One of the hardest lessons for me was having more patience while waiting for a coyote to show up to my calls. All strategies and sound hunting principles do not need to be adhered to just like some of the advice found in the Old Testament of the Bible. One of those I still see people living by is the 15-minute rule. If a coyote does not appear in 15 minutes, they take their game somewhere else. That might be sound advice during the early part of the fur season or even while calling summer coyotes, but after the calendar flips to a new year, I strongly believe that is bad advice, especially for hunters who share lands with other hunters.              

After walking into an incoming coyote years ago that I spooked after not sitting long enough, I routinely began staying 30 minutes to an hour at every setup. The move paid off. Not only did my kill count increase, but I also discovered I shot more coyotes on the 30-minute mark than ever using the 15-minute rule. Stay longer. It takes coyotes longer to arrive in big country and some coyotes are just paranoid and take longer.           

Comfort becomes the biggest factor in staying the course. In cold environments you need the right gear to stay warm for up to an hour. Hiking in without layers on helps avoid sweating. Layer up when you arrive, and the absence of sweat will extend your stay. Using handwarmers, face masks and even battery-operated garments for downhome heat should be considered.        

Lastly, think comfort. At very minimum I carry trash bags to sit or lay on to avoid ground moisture from penetrating my outer layers. ALPS OutdoorZ Enforcer pack is designed specifically with predator hunters in mind. A comfortable, 3-inch-thick memory foam seat folds up into a kickstand frame to create a chair for true all-day comfort. Ample cargo compartments hold calls and decoys while front compartments provide room for other necessities.


Failure No. 5: Picking Poor Calling Sites

The single factor responsible for most of my failures, past and present, is not owning the country. If you cannot see a coyote coming to your calls, it will either surprise you or get by you for a downwind confirmation of danger. In either scenario, a missed opportunity lies ahead.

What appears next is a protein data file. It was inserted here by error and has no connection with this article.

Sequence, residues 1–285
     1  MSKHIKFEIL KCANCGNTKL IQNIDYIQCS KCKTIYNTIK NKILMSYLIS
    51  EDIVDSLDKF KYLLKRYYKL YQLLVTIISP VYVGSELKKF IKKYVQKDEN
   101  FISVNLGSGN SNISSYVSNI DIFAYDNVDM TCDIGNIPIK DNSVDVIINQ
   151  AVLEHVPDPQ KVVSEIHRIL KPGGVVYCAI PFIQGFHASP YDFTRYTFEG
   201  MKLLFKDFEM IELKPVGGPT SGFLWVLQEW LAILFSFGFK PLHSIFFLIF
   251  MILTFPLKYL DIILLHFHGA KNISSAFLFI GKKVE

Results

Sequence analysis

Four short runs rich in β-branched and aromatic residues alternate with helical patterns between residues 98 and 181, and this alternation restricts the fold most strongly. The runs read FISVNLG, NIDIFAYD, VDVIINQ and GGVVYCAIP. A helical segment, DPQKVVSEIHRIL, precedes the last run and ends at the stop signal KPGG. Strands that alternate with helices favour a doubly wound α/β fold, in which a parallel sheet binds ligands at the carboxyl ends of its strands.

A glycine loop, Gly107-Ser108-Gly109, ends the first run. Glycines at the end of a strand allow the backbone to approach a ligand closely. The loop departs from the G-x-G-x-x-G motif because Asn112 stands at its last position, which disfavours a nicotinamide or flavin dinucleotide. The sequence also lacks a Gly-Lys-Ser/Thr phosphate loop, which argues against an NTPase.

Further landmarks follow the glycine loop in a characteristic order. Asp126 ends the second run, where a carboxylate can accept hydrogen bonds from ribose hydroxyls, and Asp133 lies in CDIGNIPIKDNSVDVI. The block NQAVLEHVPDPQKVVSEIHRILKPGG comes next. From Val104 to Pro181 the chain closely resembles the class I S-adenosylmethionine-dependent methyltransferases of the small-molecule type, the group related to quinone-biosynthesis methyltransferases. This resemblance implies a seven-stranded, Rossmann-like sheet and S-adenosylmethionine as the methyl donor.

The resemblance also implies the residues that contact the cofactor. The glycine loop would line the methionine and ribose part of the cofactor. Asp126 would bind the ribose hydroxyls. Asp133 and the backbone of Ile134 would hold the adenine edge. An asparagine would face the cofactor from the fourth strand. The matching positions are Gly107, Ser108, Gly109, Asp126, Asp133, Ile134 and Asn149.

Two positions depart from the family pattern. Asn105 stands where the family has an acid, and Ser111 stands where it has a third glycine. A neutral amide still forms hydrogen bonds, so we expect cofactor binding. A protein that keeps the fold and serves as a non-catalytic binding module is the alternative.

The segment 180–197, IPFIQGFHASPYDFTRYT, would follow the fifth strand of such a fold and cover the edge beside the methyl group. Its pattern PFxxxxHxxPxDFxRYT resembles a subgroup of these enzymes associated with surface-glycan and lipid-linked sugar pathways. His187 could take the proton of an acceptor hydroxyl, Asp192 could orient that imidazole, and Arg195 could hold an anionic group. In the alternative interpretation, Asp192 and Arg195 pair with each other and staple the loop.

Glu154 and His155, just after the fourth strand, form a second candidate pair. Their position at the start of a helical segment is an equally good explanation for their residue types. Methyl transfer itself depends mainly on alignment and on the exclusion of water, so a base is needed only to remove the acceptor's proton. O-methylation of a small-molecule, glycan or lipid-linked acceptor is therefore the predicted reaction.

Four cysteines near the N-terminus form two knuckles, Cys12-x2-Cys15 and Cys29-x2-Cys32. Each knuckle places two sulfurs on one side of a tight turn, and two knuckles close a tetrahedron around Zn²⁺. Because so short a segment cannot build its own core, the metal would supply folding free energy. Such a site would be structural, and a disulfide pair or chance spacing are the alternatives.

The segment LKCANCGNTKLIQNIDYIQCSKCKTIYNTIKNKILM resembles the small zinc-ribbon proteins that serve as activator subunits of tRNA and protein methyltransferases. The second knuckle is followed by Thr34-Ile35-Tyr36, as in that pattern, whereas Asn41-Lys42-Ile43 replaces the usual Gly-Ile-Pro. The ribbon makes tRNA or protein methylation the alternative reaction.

A perfect example occurred on a hunt with a buddy of mine. He set up next to some brush overlooking a creek and I was prone, slightly higher, on a knob watching an irrigation ditch. Halfway through the set I looked down at his caller in front of him and there stood a coyote quizzically eyeing the plastic contraption. My buddy was oblivious to the coyote because his position did not provide a look down the steep grade only 50 yards away. By the time I swung to shoot, the coyote realized the plastic gizmo was part of a death ruse and bolted before I could get a shot. 

Seeing ground firsthand gives you the best appraisal of a calling site. You can determine if the location offers enough elevation, openings and control of the predominate wind. On many of the public-land properties I hunt, I routinely return to the same location repeatedly because of the sight picture offered. 

Scouting at home has become as common as high fuel prices and your hunting app offers the benefits for home or on-the-go assessments. The HuntStand hunting app I utilize includes standard topographical overlays, wind graphics and even updated monthly satellite imagery at a lower resolution. With the 3D Map feature I can take a virtual flight through the area and view the hills, habitat and fields for a true sense of where the best setups are. 

This past winter I hiked a mile to reach a stand I had marked on my hunting map app that was favorable for the current winds. A broad opening extended several hundred yards that would offer me a shooting opportunity at any coyote swinging downwind. Sully, my coyote dog, sat patiently for the first 30 minutes of howling and prey distress, but I could see his tolerance waning, so I let him walk around the set.           

A low growl behind me prompted me to look and there was Sully staring down a coyote. The two were in motion to meet so I swung around and whispered for Sully to come. He did and when the dog cleared my sight window, I depressed the trigger on my suppressed Bergara for a V-Max success instead of failure. We owned the wind, Sully offered me cover to move, our calls were varied, we waited for more than 40 minutes and I owned the high ground. There really was no way to fail.